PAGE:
Jill on Money
With graduation season winding down, now may be a good time to refocus attention towards those who are earlier in the process — the ones saving for the ever-increasing cost of higher education.
According to the Education Data Initiative, the average annual cost for public in-state, four-year institutions is $25,707; the cost for out-of-state students who attend public colleges is $44,014; and four-year private colleges come in at an average of $54,501 per year.
Although many families are not paying the full sticker price, they still try to squirrel away some money to help defray future costs.
For these folks, I continue to recommended the 529 Plan – and for the record, I did so BEFORE the advent of 5-29 Day (get it, May 29 is 5/29!), a prompt that states use to highlight participation in 529 education savings programs with various incentives.
As a primer, as state and federal money for higher education dried up in the 1980s and ‘90s, the onus was on families to absorb higher costs for funding education. In 1996, there was a bipartisan effort to provide federal tax benefits for college savings plans, which resulted in the creation of Section 529 of the Internal Revenue Code (IRC).
Today, 529 plans are sponsored by states, state agencies, or educational institutions and usually come in the form of prepaid tuition plans or accounts where savers can invest for future qualified higher education expenses.
The earnings in 529 accounts are not subject to federal income tax and, in most cases, state income tax. Additionally, some states offer residents of the state specific incentives, like the ability to deduct contributions from state income tax or a matching grant. When the funds are withdrawn to cover qualified expenses, there is no tax due...at all!
There have been some big changes to the 529 plan since its inception. In 2018, after the Tax Cut and Jobs Act was enacted, plan owners could withdraw up to $10,000 per year saved in 529 plans to pay for public, private or religious elementary or secondary school, free of federal taxation. Some states that offered state tax deductions require that deduction to be clawed back if used for anything other than post-secondary education.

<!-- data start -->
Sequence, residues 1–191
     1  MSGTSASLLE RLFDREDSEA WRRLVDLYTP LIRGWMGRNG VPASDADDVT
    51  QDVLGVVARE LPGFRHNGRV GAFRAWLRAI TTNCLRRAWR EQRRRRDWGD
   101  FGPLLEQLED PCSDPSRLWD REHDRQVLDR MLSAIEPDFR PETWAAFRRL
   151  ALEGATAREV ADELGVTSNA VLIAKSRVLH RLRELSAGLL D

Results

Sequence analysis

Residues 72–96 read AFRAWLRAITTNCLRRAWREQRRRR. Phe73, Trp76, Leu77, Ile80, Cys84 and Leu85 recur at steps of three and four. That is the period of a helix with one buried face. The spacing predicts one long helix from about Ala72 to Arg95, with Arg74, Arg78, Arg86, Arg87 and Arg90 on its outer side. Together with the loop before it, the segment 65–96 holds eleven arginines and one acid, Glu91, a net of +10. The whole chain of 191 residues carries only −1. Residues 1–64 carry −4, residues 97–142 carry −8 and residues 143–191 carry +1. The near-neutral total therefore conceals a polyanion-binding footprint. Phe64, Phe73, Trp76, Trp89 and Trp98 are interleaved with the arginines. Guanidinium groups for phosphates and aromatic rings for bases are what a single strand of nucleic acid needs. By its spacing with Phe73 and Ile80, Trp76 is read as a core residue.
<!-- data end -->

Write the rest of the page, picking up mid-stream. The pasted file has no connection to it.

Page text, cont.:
The other big rule change occurred at the end of last year and addresses the concern that unused 529 plan funds would be subject to state and federal income taxes and an additional 10% federal tax penalty on earnings.
In the SECURE 2.0 Act of 2022, unused 529 funds can find a new home in a Roth IRA account for the beneficiary of the 529 plan, without any taxes or penalties. The new rule takes effect in 2024 and there are some basic requirements to know before you get started with any transfers:
• The 529 account must have existed for at least 15 years.
• The lifetime maximum a 529 beneficiary can transfer under the rule is $35,000.
• No contributions or earnings on contributions from the last five years can be transferred to the Roth.
• Transfers are subject to annual Roth IRA contribution limits, which are adjusted from time to time for inflation — the 2023 limit is $6,500. Unlike contributory Roth IRAs, there is no income limit to using this enhanced 529 to Roth transfer.
With these changes, the 529 plan remains the best option to fund college, presuming that you have addressed the core issues in your financial life. As a reminder, that means that you should have an emergency reserve fund that can cover six to 12 months of expenses, you have paid down your high interest debt (credit card, auto loan, student loan), and you are maximizing your retirement plan contributions.
Jill Schlesinger, CFP, is a CBS News business analyst. A former options trader and CIO of an investment advisory firm, she welcomes comments and questions at firstname.lastname@example.org. Check her website at www.jillonmoney.com. ©2023 Tribune Content Agency, LLC.